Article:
AbstractUlcerative colitis (UC) is a chronic inflammatory condition of the colon of unconfirmed aetiology. Frequently, inflammation develops in the rectum and extends to proximal areas of the colon and is often characterized by a sharp demarction from endoscopically normal mucosa. Inflamed mucosa is charaterized by progrssive neutrophil infiltration and tissue destruction, whereas biopsies of non-inflamed mucosa demonstrate quiescent infiltrates or mild architectural distortion only, on microscopic examination. Pathogenesis may be related to alteration of cytokines, eicosanoids or their polyunsturated fatty acid (PUFA) precursors. Current treatment of UC is limited to general immune suppressants and systemic biological agents aimed at modifying tumour necrosis factor (TNF)α, but outcome is unpredictable and a subset of patients will be treatment resistant and require emergency or elective surgery.
Published studies suggest that arachidonic acid (AA) and related eicosanoids are elevated in inflamed colonic mucosa and influence local mucosal cytokine production. Fish oil therapy containing eicosapentaenoic acid (EPA) and docosahexaenoic acid (DHA) utilised experimentally to modulate composition of eicosanoid PUFA precursors and eicosanoid formation has not translated into clinical therapy. There is a fundamental and philosophical disconnect between the experimental evidence supporting the potential for dietry modulation of tissue PUFA composition and linked therapeutic benefit using fish oils, and the clinical evidence showing at best modest benefit.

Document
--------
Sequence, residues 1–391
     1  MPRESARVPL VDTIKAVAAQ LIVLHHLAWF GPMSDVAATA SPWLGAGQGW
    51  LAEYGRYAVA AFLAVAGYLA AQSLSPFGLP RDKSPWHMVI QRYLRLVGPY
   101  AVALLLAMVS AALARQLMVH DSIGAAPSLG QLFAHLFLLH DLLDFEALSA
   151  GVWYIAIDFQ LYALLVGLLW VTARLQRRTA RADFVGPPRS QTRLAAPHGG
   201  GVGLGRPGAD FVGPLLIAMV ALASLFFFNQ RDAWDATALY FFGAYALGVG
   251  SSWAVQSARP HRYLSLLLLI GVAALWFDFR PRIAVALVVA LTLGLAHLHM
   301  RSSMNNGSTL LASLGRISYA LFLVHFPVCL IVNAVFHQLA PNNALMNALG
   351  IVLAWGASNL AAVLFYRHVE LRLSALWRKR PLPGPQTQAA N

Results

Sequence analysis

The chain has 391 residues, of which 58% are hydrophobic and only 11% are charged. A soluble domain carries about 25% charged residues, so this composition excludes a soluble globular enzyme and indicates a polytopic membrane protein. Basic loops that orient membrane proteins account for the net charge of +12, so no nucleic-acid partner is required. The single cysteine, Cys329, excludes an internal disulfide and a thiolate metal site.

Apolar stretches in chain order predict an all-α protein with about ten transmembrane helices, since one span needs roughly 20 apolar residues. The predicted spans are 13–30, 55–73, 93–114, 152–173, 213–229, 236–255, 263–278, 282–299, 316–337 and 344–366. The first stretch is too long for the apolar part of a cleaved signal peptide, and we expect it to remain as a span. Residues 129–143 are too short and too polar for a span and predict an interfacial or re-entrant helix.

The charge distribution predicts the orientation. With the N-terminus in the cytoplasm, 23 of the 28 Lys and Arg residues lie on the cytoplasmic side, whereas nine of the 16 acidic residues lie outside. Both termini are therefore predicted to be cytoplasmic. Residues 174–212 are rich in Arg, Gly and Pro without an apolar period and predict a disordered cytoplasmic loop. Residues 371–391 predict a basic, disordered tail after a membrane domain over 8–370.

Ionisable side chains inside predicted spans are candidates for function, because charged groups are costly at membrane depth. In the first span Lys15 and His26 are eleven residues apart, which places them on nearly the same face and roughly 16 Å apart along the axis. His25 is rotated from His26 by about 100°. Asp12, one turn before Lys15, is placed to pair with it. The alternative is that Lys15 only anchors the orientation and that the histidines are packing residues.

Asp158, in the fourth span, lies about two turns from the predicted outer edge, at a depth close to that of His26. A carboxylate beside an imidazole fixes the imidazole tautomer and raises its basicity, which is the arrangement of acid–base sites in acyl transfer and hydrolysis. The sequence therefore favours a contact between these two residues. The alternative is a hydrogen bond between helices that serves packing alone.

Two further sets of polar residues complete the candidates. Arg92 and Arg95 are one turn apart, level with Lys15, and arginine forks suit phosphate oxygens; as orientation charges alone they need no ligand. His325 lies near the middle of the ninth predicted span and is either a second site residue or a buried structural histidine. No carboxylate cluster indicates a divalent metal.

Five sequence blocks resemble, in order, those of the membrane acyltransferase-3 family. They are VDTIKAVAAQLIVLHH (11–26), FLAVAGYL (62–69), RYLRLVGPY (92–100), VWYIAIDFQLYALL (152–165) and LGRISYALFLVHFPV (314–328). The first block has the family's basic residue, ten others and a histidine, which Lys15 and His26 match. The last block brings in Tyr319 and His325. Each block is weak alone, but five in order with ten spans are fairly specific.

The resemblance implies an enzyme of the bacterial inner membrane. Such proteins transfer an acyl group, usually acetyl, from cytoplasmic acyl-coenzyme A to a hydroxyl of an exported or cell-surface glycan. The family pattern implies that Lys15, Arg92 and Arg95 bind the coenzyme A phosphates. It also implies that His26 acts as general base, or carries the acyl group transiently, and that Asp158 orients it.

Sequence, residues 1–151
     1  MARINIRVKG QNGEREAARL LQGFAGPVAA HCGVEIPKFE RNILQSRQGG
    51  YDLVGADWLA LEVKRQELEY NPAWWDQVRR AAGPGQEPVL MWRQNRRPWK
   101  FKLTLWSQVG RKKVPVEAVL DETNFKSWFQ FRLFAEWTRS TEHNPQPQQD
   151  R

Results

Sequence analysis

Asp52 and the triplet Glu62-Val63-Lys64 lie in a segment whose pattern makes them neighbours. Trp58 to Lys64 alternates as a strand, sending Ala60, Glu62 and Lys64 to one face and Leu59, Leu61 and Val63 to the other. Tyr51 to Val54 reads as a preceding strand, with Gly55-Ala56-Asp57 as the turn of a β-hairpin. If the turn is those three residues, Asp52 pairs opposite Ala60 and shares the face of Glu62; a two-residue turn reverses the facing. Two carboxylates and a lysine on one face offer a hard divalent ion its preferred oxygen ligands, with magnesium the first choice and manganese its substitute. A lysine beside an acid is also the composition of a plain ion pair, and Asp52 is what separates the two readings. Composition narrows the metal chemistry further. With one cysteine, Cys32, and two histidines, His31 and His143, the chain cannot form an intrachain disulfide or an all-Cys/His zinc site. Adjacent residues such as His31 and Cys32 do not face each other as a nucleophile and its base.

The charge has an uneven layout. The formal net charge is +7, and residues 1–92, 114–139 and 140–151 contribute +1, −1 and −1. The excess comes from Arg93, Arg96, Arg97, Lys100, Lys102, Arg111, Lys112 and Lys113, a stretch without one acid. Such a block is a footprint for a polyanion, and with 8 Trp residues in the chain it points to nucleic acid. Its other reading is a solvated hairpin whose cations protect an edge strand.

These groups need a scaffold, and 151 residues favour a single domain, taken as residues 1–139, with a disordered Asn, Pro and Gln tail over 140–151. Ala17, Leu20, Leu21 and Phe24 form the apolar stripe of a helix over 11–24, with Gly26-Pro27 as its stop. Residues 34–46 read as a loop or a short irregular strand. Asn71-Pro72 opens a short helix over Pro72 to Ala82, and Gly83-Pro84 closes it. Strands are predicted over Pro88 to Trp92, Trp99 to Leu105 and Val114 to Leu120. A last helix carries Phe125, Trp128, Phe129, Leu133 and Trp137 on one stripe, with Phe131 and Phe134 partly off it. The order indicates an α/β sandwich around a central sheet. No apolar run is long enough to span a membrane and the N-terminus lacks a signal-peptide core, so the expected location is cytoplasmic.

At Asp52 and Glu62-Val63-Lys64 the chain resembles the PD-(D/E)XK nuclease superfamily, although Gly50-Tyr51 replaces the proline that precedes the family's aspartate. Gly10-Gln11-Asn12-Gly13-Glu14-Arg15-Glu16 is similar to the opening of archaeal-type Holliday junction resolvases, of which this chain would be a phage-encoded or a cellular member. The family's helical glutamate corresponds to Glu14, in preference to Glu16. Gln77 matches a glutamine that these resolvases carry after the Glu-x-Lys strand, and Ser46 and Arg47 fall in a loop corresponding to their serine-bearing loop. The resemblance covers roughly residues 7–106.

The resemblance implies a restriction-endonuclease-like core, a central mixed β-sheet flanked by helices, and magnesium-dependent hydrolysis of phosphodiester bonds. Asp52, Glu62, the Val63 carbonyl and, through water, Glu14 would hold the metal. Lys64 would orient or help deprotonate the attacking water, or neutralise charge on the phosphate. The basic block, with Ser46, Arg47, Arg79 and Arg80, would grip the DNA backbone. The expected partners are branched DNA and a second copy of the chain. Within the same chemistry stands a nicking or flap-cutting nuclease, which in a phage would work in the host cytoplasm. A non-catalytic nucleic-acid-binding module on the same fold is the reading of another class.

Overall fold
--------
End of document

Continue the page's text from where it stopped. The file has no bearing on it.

It was hypothesised that local up regulation of endogenous fatty acid metabolic pathways may be involved in production of the elevated AA levels in inflamed mucosa. Through competition at cellular eicosanoid biosynthetic enzymes, it is suggested that production of Aa-derived eicosanoids exceeds that of EPA-derived eicosanoids, the latter of which are known to possess relative anti-inflammatory effects. In effect, this may limit the therapeutic potential of fish oil, with resultant pathophysiological processes and clinical sequelae.
The study aims to measure mucosal composition of PUFA, eicosanoid production and cytokine levels in inflamed colonic mucosa in UC, to evaluate the role of dietry derived PUFA in UC pathophysiology. A novel method has been developed to abolish between individual variation and measurement bias of in vitro studies, both of which limit the interpretation of published research. This method will allow direct comparison of metabolic and pathphysiological adjacent processes in between diseased and disease-free colonic mucosa.
The primary objective is to determine if tissue levels of PUFA (linoleic acid [LA], α-linoleic acid [αLA], AA and EPA, docosapentaenoic acid [DPA], and DHA) in colorectal mucosa differ significantly above and below the line of demarcation in patients with active UC.